I’m psyched!  Whether or not I will be successful in getting my story written by the deadline, it is a great incentive to get my butt in the chair and write!  I hope my fellow writers will consider doing so as well.

Here are all the details:  Suvudu Writing Contest.


[golden pen]

ENGL 302: Journal 4, “Press of a Button”

Friday, February 11th, 2011

You come home late at night, after a hard day.  The message light on the answering machine is blinking.  You press play and listen….

…You have the promotion, and the raise, but you will have to relocate to Nome, Alaska (or Ulan Bator, Mongolia, or some other equally remote, inhospitable, and inaccessible place).

Your finger trembles above the answering machine’s play button in the aftermath of the message.  You’re still, frozen, fumbling between shock and elation, and the rain that soaked your blouse and now chills you is forgotten in the rush.  A droplet of water runs down your aquiline nose, splashes onto the cheap plastic appliance.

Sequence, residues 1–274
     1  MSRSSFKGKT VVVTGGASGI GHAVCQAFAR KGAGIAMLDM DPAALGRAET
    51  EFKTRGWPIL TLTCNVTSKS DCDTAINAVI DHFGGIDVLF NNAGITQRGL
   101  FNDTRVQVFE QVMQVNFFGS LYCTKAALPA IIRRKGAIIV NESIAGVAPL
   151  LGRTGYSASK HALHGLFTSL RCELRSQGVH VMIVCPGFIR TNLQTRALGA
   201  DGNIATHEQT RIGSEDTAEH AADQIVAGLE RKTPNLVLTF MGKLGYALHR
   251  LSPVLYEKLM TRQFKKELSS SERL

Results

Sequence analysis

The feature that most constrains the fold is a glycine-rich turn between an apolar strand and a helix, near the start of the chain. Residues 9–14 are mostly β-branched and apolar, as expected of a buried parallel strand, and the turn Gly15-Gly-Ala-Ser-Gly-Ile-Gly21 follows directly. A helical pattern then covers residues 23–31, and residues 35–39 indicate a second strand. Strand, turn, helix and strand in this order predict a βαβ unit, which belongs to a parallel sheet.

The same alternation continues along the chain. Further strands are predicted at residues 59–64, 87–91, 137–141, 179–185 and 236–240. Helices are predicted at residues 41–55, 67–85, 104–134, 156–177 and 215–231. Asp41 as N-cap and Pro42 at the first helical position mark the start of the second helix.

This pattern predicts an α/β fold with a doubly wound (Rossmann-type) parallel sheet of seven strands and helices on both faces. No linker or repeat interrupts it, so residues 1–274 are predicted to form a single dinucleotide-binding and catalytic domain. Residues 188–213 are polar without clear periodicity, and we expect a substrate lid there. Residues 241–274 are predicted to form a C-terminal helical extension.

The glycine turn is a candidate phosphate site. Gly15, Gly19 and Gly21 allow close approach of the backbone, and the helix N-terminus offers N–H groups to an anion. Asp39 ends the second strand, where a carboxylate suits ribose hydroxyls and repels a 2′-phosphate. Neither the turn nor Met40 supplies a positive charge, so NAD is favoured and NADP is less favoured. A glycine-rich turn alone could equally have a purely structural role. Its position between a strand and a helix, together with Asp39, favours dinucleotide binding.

“If you would like to save this message, press one…”

You hadn’t recognized the voice extending the invitation in sing-song Cantonese, but that meant nothing.  He had still used the right words, mentioned the right things:  You knew it was authentic, you knew what it meant.

It meant a promotion, a raise, acclaim and acceptance from your peers.  It was the accumulation of your years of training and long hours at work.  It was the Mohe County of China, an area with one of the most extreme–but still hospitable–climates on earth.

“If you would like to delete this message, press two…”

You exhale, heavily.  The release drops your shoulders, which were as rigid as steel supports, and returns your mind to your body.  Despite all the honor this assignment imparts, and the trust in you it implies, your stomach is still in knots.  Mohe, China, a remote area thousands and thousands of miles from McLean, Virginia, with as many fewer people.  What exactly awaits a junior core collection officer from the CIA has remained classified information to those aware of the opportunity, tantalizing the recruits salivating at the bits to prove themselves.

But, subarctic temperatures?  Minimal human contact?  A cruel request.  The reason for such a request would have to be interesting.